In Canada, the Finance Act of 1914, which had been adopted as a war measure, was extended in 1919 and revised in 1923. Under the revised act, provision was made for an automatic return to the gold standard after three years unless the government took steps to the contrary.
The revised act also gave the dominion government greater flexibility to adjust the rate at which banks could obtain funding. 26 However, the Treasury Board, which was responsible for administering the act, did not conduct an active monetary policy. The Advance Rate remained fixed at 5 per cent, the same level it had been throughout the war. Thus, there appeared to be little overt official effort to tighten monetary policy in anticipation of an eventual return to the gold standard, which would fix the dollar at its pre-war value in terms of gold and at par with its U.S. counterpart.
Despite the apparent lack of action, the money supply did contract significantly during the first half of the 1920s, permitting a return to the gold standard. The maintenance of the Advance Rate at 5 per cent, despite a fall in market interest rates, had deflationary consequences. Moreover, Britain's repayment of war loans from Canadian banks (which were subsequently discounted under the Finance Act at the special 3.5 per cent rate) and the retirement of the so-called "British Issue" of dominion notes issued in 1917 against British treasury bills also contributed to the monetary contraction (Shearer and Clark 1984, 291). Canada returned to the gold standard on 1 July 1926.
With Canada's return to the gold standard, currency supplied by the chartered banks lost its legal tender status, although the government could restore this status under the Finance Act in the event of an emergency. Consequently, legal tender in Canada once again consisted of British gold sovereigns and other current British gold coins, U.S. gold eagles ($10), double eagles, and half eagles, Canadian gold coins (denominations of $5 and $10), and dominion notes. Limited legal tender status was also accorded silver, nickel, and bronze coins minted in Canada. 27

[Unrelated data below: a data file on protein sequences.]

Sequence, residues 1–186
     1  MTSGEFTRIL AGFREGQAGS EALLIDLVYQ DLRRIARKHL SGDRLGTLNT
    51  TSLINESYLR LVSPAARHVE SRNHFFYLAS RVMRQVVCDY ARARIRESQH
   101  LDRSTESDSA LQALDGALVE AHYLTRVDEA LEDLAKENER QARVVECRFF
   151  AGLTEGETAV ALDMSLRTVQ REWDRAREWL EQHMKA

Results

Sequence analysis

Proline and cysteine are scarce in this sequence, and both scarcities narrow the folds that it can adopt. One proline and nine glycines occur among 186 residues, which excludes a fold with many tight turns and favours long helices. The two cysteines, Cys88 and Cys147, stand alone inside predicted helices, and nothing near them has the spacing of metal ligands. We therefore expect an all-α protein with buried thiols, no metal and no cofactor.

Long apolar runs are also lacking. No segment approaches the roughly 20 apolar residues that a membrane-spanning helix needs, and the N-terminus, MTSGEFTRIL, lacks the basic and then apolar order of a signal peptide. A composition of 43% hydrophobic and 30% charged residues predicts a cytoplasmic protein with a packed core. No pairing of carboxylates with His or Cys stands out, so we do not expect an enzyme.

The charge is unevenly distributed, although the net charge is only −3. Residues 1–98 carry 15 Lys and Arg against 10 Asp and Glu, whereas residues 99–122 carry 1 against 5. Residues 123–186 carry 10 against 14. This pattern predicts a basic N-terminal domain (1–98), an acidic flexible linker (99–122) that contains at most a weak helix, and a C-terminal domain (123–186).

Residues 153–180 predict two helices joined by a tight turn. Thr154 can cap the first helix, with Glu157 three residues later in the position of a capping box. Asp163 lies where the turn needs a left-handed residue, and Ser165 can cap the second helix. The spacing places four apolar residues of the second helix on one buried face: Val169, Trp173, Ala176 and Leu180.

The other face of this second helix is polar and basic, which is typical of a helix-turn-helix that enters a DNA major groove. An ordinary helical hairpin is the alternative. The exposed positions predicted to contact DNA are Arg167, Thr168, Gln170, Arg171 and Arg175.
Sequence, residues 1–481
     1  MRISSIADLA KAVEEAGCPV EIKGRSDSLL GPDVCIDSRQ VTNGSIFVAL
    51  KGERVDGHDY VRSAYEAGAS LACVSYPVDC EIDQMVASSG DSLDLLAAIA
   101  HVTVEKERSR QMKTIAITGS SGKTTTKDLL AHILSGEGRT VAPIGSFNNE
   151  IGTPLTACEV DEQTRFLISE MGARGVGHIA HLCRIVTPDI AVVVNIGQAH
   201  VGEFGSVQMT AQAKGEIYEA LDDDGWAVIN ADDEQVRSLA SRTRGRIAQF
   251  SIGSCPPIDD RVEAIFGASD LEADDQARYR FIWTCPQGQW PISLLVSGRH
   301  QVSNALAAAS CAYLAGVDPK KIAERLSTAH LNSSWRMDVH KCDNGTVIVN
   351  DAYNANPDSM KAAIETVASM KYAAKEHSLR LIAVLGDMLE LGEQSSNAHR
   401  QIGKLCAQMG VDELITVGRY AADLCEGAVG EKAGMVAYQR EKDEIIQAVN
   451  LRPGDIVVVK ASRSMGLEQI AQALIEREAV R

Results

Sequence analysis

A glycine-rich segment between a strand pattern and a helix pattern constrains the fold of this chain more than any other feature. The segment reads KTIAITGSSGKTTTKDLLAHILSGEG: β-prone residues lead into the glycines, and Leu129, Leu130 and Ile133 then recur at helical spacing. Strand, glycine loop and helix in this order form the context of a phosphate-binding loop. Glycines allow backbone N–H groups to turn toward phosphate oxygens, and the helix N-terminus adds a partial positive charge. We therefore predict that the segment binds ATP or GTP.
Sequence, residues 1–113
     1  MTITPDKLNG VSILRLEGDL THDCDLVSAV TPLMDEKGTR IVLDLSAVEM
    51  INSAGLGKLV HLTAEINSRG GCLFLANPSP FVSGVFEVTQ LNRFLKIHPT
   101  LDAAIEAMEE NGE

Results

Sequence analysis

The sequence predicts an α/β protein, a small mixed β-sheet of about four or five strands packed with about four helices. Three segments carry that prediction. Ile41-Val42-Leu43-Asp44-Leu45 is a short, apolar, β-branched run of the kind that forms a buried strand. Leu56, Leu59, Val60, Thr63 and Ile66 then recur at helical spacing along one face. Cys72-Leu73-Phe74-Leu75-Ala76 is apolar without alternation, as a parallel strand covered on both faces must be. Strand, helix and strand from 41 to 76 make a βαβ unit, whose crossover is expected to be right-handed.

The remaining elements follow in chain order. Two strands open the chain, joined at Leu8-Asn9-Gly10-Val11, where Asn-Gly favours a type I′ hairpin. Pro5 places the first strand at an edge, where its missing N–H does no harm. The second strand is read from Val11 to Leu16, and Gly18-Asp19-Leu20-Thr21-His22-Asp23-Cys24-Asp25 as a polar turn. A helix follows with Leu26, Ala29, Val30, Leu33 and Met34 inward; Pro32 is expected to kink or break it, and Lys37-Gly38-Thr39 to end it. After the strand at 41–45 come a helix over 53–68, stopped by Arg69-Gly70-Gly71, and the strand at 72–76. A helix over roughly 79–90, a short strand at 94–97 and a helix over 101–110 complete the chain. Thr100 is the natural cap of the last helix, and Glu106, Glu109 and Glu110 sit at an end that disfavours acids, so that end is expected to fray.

Canada's return to the gold standard proved to be short-lived. It has been argued that monetary operations under the Finance Act were inconsistent with maintaining a gold standard. Dominion notes issued to banks under the authority of the act upon the pledge of securities were not backed by gold. 28 They were, however, legally redeemable in gold on demand. In 1933, James Creighton, a prominent University of British Columbia economics professor, wrote,
Some modern-day economists also point to excessive monetary expansion during the late 1920s as causing the eventual demise of the gold standard (Courchene 1969, 384). The percentage of gold reserves to dominion notes outstanding fell from 54 per cent on 30 June 1926 to 28 per cent three years later (Macmillan Report 1933, 38). Other economists have emphasized the unwillingness of the Canadian authorities to accept the discipline of the gold standard, especially during a period of significant international financial stress (Shearer and Clark 1984, 300). A fall in commodity prices and a resulting deterioration in Canada's trade balance was also a factor. The currencies of other heavily indebted, commodity-producing countries, such as Australia and Argentina, also came under significant downward pressure during the 1929-31 period (Knox 1940, 8).